Architects show how to meld art and craft
Miha and Mithila are two architects hailing from Namma Chennai. Having discovered their shared penchant for “all things art”, they always wanted their passion to materialise into something concrete. Hence, they gave life to “Art Fusion Academy”in 2014, an art studio specialising in Bespoke Art and Craft Workshops curated by them.
They want people of all age groups to be able to participate and enjoy their workshops and hence they constantly strive to come up with interesting and innovative activities of varying difficulty levels that will cater to anyone who thinks art is inborn and cannot be honed!
Mithilia reminisces her earliest memory of associating with art. “I remember being about two or three years old, sitting in my room to draw a person whose form was composed entirely of scribbled shapes a scribble head, scribbled torso, scribbled arms”, she recollects.“I don't often draw without some sort of intended outcome these days and it's nice to think I started doing art without so many self-imposed constraints”, she adds.
Art for Mithila and Miha is therapeutic and always helped calm them down during the most stressful days of their course. “Art is an escapade for us, when it comes to our understanding of Art. It’s a huge part of our lives which helps us express how we feel, gives a feeling of contentment at what we do, where we have the complete freedom to picture our life the way we want it to be, the way we wish to see the world and the ideas we wish to put on a paper with colours when our mind fails to express itself through words,” says the duo.
Art and Architecture go hand in hand and their inclination towards art began early into their college years. Both of them are practising architects who conduct art workshops on weekends. “All architecture has art in it. The connection between art and architecture is a harmonious relationship. "While every form of art need not be architecture, every form of architecture ought to be an art,” they explain.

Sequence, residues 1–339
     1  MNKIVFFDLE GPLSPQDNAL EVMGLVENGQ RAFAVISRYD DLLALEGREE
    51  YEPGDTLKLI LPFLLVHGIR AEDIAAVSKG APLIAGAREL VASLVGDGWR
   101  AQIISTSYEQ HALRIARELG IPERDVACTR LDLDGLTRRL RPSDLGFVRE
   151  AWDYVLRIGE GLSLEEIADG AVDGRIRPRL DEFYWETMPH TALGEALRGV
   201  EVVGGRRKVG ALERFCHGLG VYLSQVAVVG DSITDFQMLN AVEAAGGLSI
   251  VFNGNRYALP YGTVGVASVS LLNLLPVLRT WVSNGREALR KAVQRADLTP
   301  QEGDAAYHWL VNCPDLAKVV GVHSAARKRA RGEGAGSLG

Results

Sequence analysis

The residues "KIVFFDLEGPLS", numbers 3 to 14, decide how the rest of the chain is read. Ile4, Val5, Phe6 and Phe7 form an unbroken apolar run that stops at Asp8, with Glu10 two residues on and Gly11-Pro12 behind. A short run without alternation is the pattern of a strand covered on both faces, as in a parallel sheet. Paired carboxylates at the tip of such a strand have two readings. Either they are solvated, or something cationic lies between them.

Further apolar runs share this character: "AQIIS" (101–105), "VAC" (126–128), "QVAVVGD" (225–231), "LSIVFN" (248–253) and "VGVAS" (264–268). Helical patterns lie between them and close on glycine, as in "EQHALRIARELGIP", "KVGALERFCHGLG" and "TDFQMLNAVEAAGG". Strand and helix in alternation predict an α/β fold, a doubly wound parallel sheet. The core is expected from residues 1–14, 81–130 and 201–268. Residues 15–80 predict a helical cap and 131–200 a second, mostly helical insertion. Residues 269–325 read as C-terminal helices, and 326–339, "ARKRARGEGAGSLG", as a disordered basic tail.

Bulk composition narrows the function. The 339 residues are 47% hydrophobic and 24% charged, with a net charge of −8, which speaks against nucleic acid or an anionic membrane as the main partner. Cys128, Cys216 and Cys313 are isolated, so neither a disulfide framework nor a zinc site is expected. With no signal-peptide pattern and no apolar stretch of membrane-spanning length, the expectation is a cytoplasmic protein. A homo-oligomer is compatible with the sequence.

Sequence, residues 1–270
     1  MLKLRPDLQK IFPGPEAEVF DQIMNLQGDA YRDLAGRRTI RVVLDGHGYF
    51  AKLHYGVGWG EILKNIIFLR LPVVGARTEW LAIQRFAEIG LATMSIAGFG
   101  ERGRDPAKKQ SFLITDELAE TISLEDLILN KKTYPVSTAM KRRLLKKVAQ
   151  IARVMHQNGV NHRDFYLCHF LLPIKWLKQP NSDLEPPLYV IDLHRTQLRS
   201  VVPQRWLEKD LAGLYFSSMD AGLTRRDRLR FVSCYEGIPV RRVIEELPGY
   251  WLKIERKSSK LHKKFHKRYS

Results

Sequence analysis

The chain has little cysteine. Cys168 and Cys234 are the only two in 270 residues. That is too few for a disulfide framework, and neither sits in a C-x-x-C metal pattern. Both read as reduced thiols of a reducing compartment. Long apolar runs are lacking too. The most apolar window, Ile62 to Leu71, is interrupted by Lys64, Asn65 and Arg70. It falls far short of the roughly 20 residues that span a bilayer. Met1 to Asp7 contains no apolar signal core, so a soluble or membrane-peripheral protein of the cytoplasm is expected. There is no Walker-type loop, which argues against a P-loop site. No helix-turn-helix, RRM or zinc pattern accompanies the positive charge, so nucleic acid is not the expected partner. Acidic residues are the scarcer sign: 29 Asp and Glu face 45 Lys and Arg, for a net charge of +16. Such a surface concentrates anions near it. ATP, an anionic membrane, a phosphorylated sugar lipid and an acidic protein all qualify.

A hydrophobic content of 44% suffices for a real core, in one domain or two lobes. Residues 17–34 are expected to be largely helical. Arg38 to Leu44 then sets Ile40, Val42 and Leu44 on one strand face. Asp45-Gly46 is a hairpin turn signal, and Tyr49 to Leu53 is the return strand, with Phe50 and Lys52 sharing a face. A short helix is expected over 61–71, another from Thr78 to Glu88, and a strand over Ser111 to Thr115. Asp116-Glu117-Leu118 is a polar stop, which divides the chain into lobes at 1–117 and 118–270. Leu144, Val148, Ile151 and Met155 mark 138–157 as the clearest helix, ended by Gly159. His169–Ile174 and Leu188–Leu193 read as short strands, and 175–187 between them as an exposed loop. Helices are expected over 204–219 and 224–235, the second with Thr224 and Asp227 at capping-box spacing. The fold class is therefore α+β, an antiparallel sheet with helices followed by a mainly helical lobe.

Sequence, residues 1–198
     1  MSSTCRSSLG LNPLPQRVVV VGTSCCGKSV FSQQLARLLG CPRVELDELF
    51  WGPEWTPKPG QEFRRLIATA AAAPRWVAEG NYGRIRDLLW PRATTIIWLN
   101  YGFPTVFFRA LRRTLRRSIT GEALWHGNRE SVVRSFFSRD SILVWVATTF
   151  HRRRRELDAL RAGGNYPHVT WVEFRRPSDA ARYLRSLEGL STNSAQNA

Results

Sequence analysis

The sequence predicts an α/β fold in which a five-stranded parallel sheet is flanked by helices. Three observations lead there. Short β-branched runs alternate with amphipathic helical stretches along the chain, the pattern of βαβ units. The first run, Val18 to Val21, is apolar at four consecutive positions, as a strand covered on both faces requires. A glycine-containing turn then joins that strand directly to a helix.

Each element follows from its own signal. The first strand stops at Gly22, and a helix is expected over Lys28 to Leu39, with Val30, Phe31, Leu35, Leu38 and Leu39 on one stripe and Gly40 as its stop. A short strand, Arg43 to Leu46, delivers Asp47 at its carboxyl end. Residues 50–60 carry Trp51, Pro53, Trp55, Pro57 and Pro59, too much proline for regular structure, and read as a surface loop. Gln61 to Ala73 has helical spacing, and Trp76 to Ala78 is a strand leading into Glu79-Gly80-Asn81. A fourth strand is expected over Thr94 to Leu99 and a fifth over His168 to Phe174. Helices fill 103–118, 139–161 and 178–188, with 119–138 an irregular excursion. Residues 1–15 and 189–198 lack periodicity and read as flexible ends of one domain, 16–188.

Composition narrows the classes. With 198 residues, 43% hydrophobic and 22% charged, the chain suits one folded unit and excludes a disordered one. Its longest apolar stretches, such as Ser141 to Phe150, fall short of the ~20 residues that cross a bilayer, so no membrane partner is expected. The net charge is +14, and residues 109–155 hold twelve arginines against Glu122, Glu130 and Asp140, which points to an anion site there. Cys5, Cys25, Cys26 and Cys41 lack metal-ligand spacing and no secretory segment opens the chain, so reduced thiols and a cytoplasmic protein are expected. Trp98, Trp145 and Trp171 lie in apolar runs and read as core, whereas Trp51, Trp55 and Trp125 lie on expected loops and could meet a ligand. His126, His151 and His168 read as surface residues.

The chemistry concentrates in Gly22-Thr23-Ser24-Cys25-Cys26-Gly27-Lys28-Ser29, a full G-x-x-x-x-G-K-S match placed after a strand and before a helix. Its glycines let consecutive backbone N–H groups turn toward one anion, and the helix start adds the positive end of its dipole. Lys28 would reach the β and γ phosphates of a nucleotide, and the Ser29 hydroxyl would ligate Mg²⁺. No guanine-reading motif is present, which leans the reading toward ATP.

It was all trial and error that they learnt to experiment with a variety of craft materials. They believe art is a platform of self- expression and hence has no age limit! They have conducted over 50 workshops in the last 4 years catering to children as young as 3 as well as adults. “We conduct regular workshops at Utopia in Abhiramapuram and at Little Millennium Anna Nagar West & Korattur,” adds Mithila.
Talking about their struggles, they say “art being our passion, we considered everything that came our way as mere surmountable challenges and not struggles.” The initial challenge was to devote and allocate additional time to their workshops without compromising on work commitments. “But once we struck the balance, it has been a smooth journey ever since,” reveal the duo.
The field of creativity is indeed competitive but it is symptomatic of the dedication that the people involved feel towards their work. Initially it may not seem like the most lucrative career choice but if it something that one truly derives happiness and satisfaction from, then perseverance and patience will pave the way for ample opportunities towards a flourishing career in art. Both feel that today the internet has broadened the reach of art and made it possible for artists to showcase their talent through various social media platforms and thus making art a sought after career choice
The architects usually base their activities on the elements and principles of design such as the visual components of colour, form, line, shape, texture etc, both in 2D and 3D. But the duo also feels that traditional arts and crafts of India are dying due to modernisation and technological developments. “Every corner of India has a different motif, a different art, a different craft that tells a different story. Art Fusion Academy is doing its bit by working to expand and add to this vibrancy and create more awareness for India's youth about revival of dying crafts through our workshops,” says Mithila and Miha.
Art Fusion Academy's long term plans include commercialisation. “It’s important for artists to be able to sell their work. It keeps the fires in their kitchen burning, it encourages more artists to pursue their talent and by putting a value to it, it makes the general public appreciate work and try to understand it better”, feels the duo.They have two upcoming “Glass Mandala” workshops that the readers can sign up for on August 5 and the other on August 19.